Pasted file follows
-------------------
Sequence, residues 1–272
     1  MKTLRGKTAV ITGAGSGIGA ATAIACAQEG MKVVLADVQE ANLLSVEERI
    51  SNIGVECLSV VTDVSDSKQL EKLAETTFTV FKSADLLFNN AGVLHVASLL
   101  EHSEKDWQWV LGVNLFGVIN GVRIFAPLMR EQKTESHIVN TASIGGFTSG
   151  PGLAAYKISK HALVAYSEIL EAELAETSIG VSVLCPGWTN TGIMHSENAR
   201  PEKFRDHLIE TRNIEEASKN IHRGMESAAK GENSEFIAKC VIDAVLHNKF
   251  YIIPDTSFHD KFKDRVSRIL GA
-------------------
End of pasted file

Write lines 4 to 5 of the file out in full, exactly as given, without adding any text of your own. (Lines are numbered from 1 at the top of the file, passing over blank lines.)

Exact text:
   101  EHSEKDWQWV LGVNLFGVIN GVRIFAPLMR EQKTESHIVN TASIGGFTSG
   151  PGLAAYKISK HALVAYSEIL EAELAETSIG VSVLCPGWTN TGIMHSENAR